14 December 2012 - Campaigners opposed to a large palm oil plantation in a rainforest covering part of the Korup National Park in southwestern Cameroon say up to 45,000 people risk losing their livelihoods if the project proceeds. 'The plantation will economically displace approximately 25,000 people and put at risk many others who depend on that land for small-scale food production, hunting, and non-timber forest products. Thus, the net impact on employment will actually be negative. This is not a fair deal,' Nasako Besingi, one of the campaigners against the plantation, told IRIN. Campaigners argue that a large industrial plantation could destabilize the area's rich ecosystem and that the environmental and socioeconomic gains from preserving the rainforest outweigh the promised benefits from the plantation. 'Our people used to live in harmony with animals in this forest but recent forest exploitation, aggravated by SGSOCs bulldozing of forest areas', has upset the sensitive human-animal eco-balance, Besingi said, leading to a number of recent cases of elephants attacking farmers. SGSOC still lacks presidential approval and the project has been in violation of the law since 2010, say campaigners. The company had been clearing forest and developing oil palm nurseries prior to submitting an Environmental and Social Impact Assessment (ESIA) or obtaining the Certificate of Environmental Conformity as required by law. (more)

Foreign poachers target Cameroon elephants
4 December 2012 - Despite armed guards, Cameroon's dwindling elephant population is being decimated by heavily armed gangs of international poachers, according to a top official of the World Wide Fund for Nature. In the first quarter of this year, poachers travelled more than 1,000 kilometres (620 miles) on horseback from Sudan, crossing through the Central African Republic to reach northern Cameroon's Bouba Ndjida National Park where they killed more than 300 elephants in two months. The killings wiped out about 80 per cent of the park's elephant population. The high demand for ivory in Asia threatens the remaining elephant population in Cameroon and the Central African sub-region with possible extinction, said United States Ambassador to Cameroon Robert P. Jackson. Africa is home to roughly 600,000 elephants, just a third of the number recorded a decade ago, according to data released by the US embassy. Conservationists say that at least 25,000 elephants were killed in the continent in 2012 alone, due to the demand for ivory, as the bodies of the animals were abandoned after their ivory tusks were removed. It is feared that Nigeria's Islamist extremists Boko Haram could be involved in the poaching, as well as gangs from Chad and the Central African Republic, which surround northern Cameroon. (more)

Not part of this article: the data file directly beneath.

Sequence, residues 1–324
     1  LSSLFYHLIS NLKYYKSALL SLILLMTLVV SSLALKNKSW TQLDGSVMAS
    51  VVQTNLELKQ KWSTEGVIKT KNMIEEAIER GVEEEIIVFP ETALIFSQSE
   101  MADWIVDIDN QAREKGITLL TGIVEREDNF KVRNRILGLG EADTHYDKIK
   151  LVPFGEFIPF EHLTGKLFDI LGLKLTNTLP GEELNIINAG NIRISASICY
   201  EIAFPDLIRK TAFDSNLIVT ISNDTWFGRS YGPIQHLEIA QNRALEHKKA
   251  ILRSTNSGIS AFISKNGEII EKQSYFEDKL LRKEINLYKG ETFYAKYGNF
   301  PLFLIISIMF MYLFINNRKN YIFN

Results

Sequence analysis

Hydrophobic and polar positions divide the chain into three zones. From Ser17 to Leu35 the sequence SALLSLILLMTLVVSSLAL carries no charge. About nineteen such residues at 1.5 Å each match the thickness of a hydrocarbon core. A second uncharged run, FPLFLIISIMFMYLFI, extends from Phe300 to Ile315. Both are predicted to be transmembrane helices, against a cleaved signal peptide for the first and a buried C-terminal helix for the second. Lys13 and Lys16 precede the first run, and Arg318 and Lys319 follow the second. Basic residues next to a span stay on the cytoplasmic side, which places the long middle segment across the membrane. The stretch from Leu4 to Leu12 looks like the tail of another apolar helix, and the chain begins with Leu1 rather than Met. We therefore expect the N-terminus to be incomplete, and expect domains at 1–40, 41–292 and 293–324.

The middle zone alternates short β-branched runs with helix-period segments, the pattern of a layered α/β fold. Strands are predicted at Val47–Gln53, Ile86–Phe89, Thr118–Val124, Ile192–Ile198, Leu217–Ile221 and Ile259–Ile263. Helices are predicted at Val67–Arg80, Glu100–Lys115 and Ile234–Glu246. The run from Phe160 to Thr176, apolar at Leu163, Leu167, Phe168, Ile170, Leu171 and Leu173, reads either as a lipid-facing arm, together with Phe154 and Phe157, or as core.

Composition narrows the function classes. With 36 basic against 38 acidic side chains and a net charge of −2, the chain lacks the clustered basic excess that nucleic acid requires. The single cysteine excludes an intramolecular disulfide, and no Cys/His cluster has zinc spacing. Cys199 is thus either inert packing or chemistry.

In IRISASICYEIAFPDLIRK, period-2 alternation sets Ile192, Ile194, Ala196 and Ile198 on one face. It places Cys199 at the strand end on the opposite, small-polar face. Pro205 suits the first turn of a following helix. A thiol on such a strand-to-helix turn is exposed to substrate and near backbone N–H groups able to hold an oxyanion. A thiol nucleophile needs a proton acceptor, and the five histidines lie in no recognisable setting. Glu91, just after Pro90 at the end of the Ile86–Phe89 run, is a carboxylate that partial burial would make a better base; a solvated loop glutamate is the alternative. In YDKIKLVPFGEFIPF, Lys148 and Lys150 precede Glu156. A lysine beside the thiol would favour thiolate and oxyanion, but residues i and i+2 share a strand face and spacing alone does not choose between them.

WWF: Elephant killing continues in Cameroon
15 March 2012 - Soldiers in Cameroon are losing the battle to save the last elephants in a remote frontier park from marauding horsemen believed to be invading from Sudan, the World Wildlife Fund said Thursday. 'The forces arrived too late to save most of the park's elephants, and were too few to deter the poachers,' said Natasha Kofoworola Quist, director of the fund's Central Africa programme. 'WWF is disturbed by reports that the poaching continues unabated in Bouba N'Djida National Park and that a soldier's life has been lost.' She said at least half of the park's 400 elephants have been killed. This past year has seen an unprecedented increase in poaching of elephants for their tusks which are smuggled mainly to China and Thailand to make ivory ornaments. (more)

Cameroon: 126 arrested over independence protest
2 October 2011 - An official says police have arrested 126 protesters seeking independence for English-speaking Cameroon. The police official says they were arrested Saturday and Sunday for defying public order. They follow the arrests of 50 activists from the Southern Cameroons National Council who demonstrated Saturday. The official asked for anonymity because he is not authorized to speak to journalists. The protest follows other recent unrest as 9 October elections approach. On Thursday, gunmen carrying signs opposing President Paul Biya blockaded a bridge and shot at police in the city of Douala. (more)

Cameroon attacks show pirates are heading south
19 May 2010 - An attack by gunmen on two ships anchored off Cameroon's major port of Douala shows pirates are extending their range in the Gulf of Guinea, an increasingly important source of oil to western markets. Two Russian nationals from the cargo ship North Sea, and a Lithuanian captain from another vessel were seized in the back-to-back raids 16 May. The raid is the latest in a string of pirate attacks in the Gulf of Guinea -- which stretches from the Guineas in the northwest to Angola in the south -- and marks a shift beyond the Cameroon-Nigeria maritime frontier where most attacks have been clustered. 'There seems to be a pattern emerging. They are moving south,' said Rolake Akinola, Africa analyst at Eurasia Group. 'It is obviously a real concern. Douala is the hub for the CEMAC (Central African Economic and Monetary Community) region. Insecurity appears to be following increased investor activity.' (more)